This volume covers the period from 1 August 1946 to 19 February 1947, and begins under the shadow of resolutions adopted at the Bombay session of All India Muslim League Council on 29 July 1946, withdrawing their earlier acceptance of Cabinet Mission’s proposals. As a result Direct Action Day was observed on 16 August 1946. In September 1946, the Congress formed the Interim Government without AIML. On 26 October Muslim League entered the Interim Government with five members. Due to non-acceptance of the 16 May Statement by Congress and serious communal situation in Bihar, Jinnah urged the Viceroy to adjourn the meeting of Constituent Assembly. However it was summoned on 9 December. Muslim League boycotted the session. The statement of 6 December failed to bring the two major parties any closer to each other. This volume contains 404 documents with four appendices.
Year of Publication: 2006         Price:400
This volume is the first in the third series of Jinnah Papers. It covers the period from 1 January to 31 August 1940, revolves around the defining moment in the Freedom Movement when the Muslims of India set themselves the goal of an independent homeland. It recapitulates the Muslim League’s negotiations with the Viceroy as well as the Congress, and the Congress’ declining support for the World War II and resignation from the provincial ministries. The Viceroy’s attempts at securing the cooperation of both the Congress and the League for expanding the Governor-General’s Executive Council had not been fruitful. At the behest of All India Muslim League Working Committee, Mr. Jinnah appointed a nine-member committee, to deliberate on various partition schemes and evolve a pragmatic scheme in the best interests of Muslim India. The Lahore Resolution, which soon came to be known as the Pakistan Resolution, was passed on 23 March 1940. The volume contains 577 documents and two appendices.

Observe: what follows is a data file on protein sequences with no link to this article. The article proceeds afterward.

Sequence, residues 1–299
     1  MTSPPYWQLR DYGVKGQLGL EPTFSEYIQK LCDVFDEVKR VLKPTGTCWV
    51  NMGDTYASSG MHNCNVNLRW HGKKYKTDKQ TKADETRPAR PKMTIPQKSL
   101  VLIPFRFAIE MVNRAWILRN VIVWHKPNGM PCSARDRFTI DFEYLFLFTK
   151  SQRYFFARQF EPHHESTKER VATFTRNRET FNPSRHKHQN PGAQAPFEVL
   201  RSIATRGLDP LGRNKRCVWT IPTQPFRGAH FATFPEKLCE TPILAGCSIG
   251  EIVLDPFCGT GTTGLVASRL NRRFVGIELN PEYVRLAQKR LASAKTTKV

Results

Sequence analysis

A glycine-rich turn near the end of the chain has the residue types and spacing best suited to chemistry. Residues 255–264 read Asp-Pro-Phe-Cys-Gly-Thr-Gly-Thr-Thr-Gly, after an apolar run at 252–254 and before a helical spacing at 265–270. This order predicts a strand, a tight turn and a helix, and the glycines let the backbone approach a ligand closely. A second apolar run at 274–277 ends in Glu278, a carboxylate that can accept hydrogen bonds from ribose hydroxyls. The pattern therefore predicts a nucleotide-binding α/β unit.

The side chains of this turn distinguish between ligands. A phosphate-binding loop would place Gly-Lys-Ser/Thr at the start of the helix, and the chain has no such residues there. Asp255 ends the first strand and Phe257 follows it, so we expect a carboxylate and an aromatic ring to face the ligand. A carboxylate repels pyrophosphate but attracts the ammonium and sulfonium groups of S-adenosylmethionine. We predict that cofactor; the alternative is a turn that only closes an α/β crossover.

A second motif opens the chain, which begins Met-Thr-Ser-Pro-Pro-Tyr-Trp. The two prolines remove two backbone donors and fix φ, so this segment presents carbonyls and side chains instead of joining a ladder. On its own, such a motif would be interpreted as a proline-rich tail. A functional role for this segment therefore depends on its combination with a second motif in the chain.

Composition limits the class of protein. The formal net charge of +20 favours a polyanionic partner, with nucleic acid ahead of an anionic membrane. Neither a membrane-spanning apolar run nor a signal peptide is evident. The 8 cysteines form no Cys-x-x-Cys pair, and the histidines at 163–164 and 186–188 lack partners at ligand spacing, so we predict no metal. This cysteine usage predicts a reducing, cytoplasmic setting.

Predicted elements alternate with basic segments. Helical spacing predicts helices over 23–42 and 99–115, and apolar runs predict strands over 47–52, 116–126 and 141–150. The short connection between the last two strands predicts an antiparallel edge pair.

Year of Publication: 2007         Price:450
The present Volume of Jinnah Papers, marks a significant turning point watershed in the inchoate movement for Pakistan during the period from September 1940 to July 1941. Jinnah described the British Government policy in India as one “of inaction, of weakness, and of vacillation” likely to prove politically disastrous. He blamed them for bamboozling the leadership of Hindu India by dangling before them the carrot of a constitution for a United India. Deeply suspicious of Gandhi’s satyagraha, ostensibly for securing freedom of speech, Jinnah regarded it as “nothing but a weapon of coercing and blackmailing the British,” who were in a really tight corner, to surrender and concede the Congress demands.
Year of Publication: 2008         Price:650
The present Volume of Jinnah Papers, covers period from 1.8.1941 to 31-3-1942 encompasses a critical phase in the League’s struggle for sovereign independent Muslim statehood in the sub-continent. The major subjects dealt with in the present volume concerns setting up of National Defence Council by the Viceroy and the Leaguers response, Cripps offer; Non-Party Leaders’ Conference and the launch of Dawn.
Year of Publication: 2009         Price:570
The present volume of Jinnah Papers, spans the interlude (April to September 1942) between two turning points—the aborted Cripps Mission and the “Quit India” faux-Pas—against the backdrop of Muslim League’s continuing pursuit of the goal of Pakistan. The volume highlights two crucial developments: the British recognition, for the first time, of principle of Pakistan; and the desperate Congress insurrection, euphemistically styled as the Quit India Movement. The volume contains some documents highlighting the role of Jinnah and Muslim League in war efforts.
Year of Publication: 2012         Price:1280